The Queensland government has accepted some recommendations of a probe into animal cruelty.
Cameras will be installed at Queensland abattoirs to capture how retired racehorses are treated in the wake of an animal cruelty probe.
The new rule among dozens of recommendations about how the state government and racing industry can better take care of Thoroughbreds and Standardbreds once their careers are over.
Animal welfare groups estimate thousands of horses are slaughtered every year.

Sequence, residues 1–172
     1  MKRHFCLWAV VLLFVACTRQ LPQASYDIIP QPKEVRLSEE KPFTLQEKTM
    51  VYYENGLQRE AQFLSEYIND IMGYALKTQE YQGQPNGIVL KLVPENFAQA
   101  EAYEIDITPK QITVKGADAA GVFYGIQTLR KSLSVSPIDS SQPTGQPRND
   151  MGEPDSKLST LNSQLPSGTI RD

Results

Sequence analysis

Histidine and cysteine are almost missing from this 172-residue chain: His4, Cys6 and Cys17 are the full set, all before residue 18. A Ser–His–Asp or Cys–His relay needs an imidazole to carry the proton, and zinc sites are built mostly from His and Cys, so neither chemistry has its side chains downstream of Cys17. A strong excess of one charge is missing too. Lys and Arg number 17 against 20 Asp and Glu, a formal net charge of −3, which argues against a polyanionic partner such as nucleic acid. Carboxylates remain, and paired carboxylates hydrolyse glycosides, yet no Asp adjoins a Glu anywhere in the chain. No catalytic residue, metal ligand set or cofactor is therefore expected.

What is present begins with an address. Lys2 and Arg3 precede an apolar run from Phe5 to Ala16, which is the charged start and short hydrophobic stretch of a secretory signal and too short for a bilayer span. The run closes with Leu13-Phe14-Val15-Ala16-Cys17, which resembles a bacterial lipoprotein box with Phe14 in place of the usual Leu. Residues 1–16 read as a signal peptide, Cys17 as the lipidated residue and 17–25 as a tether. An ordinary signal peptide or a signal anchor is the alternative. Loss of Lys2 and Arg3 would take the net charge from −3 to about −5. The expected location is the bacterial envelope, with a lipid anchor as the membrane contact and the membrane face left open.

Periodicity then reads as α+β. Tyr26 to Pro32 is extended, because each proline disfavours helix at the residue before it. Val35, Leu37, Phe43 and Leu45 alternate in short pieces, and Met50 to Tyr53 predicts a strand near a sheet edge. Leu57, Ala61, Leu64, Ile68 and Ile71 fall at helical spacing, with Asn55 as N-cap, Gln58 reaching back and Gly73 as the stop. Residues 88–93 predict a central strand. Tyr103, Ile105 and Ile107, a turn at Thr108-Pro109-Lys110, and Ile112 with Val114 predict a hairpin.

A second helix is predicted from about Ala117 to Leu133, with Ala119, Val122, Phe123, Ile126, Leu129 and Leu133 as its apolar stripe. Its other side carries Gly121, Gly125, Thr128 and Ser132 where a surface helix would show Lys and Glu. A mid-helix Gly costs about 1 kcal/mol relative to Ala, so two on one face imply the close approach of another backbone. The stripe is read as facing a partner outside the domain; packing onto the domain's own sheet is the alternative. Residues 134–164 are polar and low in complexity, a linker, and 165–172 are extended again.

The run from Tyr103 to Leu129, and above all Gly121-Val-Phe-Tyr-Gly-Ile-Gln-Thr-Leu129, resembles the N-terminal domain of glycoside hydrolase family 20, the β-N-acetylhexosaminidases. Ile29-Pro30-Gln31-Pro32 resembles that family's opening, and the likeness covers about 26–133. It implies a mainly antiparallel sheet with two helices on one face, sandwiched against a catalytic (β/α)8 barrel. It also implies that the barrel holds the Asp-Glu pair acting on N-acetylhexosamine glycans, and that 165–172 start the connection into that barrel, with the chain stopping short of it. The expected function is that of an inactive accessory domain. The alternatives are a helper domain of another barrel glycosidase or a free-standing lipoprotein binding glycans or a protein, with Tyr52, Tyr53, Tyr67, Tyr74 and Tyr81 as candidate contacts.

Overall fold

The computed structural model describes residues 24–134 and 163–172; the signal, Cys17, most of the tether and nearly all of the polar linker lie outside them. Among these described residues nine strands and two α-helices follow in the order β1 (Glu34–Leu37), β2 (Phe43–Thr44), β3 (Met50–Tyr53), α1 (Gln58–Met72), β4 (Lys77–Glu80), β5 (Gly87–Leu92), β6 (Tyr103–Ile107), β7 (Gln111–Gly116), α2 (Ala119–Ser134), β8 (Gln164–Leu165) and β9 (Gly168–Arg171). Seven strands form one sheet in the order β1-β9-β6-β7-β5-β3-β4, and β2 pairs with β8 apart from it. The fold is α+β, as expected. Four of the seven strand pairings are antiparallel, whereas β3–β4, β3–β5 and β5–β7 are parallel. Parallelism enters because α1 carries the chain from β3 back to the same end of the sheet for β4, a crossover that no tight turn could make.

An investigation was launched after footage aired last year showing workers at the Meramist abattoir north of Brisbane tormenting horses before they were killed.
It found there is no adequate animal welfare monitoring at knackeries, and made clear using racehorses as a disposable commodity was unethical.
However, it also found the racing industry was not responsible for the lifelong care of retired horses.
CCTV will be installed to film what happens at “critical animal welfare points” with Biosecurity Queensland to review the footage.
This and other measures accepted by the state government will be rolled out via agreements or legislation.
Another new rule will require owners to make multiple attempts to rehome their racehorses before they can consider putting them down.